Photographs by Neil Ever Osborne; Text by Neil Ever Osborne and Mark Jacquemain
SMITHSONIAN MAGAZINE | March 2021
On the bay this fall morning, there’s a wind-carved rim of ice and a gathering of floes. One male polar bear, bony after a season without seal blubber, struggles along the slushy edge, haunches soaked, nearly slipping into the sea.
We are on Gordon Point, in northern Manitoba, where Hudson Bay widens into its northwest crescent. Polar winds make it colder than at comparable latitudes, and the shallow waters of the bay freeze early. Having passed the summer months in the subarctic wild of Wapusk National Park to the south, polar bears now congregate here, waiting for the ice to come in.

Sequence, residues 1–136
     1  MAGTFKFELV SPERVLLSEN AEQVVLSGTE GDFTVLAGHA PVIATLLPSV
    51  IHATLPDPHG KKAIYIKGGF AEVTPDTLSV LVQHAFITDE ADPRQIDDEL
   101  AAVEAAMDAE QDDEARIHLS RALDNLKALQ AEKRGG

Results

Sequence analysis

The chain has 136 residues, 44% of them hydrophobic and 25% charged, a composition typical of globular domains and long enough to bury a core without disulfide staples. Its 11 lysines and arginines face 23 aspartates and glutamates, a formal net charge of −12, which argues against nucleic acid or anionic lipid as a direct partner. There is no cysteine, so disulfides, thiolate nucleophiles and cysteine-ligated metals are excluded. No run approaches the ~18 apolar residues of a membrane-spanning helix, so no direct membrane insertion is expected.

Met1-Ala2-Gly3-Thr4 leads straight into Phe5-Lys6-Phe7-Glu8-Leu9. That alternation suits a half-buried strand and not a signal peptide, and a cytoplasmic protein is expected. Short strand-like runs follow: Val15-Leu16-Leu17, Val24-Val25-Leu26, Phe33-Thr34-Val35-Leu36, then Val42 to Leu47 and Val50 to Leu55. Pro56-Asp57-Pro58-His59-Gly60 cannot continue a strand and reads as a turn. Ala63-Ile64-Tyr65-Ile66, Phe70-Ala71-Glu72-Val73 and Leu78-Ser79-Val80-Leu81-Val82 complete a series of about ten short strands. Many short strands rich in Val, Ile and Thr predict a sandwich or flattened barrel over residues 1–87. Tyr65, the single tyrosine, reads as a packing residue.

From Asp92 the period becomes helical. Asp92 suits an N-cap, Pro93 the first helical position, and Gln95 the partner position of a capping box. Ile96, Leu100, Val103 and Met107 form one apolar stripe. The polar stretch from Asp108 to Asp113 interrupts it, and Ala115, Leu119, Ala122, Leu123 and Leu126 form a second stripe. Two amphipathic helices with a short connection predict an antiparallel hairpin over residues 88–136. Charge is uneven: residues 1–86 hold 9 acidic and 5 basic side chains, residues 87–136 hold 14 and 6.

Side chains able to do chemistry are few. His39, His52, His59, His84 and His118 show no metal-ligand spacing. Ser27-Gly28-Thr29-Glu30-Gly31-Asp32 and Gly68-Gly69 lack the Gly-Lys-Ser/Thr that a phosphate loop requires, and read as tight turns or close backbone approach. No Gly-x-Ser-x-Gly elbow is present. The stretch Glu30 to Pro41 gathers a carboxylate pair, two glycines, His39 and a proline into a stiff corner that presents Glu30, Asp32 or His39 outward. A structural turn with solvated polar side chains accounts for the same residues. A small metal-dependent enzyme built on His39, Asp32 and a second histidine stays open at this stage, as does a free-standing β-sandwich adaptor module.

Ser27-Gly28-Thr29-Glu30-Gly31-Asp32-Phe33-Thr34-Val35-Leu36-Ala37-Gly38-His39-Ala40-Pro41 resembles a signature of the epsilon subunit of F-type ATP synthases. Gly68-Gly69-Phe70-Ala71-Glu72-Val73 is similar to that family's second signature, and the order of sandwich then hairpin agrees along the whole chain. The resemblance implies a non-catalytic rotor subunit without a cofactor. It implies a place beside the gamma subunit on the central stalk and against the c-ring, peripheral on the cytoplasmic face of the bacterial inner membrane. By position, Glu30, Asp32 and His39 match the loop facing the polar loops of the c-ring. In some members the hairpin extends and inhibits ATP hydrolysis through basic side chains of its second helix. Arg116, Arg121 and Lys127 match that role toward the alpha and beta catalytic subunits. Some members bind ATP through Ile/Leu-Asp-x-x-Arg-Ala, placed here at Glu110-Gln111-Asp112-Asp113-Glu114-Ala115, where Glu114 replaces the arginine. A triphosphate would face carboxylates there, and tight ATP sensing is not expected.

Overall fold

“Americans have been making gardens forever, constantly innovating and experimenting as they work the soil. Amateurs and professionals, young and old, schoolchildren and scientists — Americans of every sort have put their backs into gardening. And for a variety of motives: beauty, food, science, prestige.”
” Smithsonian Institution, research institution founded by the bequest of James Smithson, an English scientist. Smithson, who died in 1829, had stipulated in his will that should his nephew and heir himself die without issue, his remaining assets would pass to the United States and be used to found the Smithsonian Institution.”
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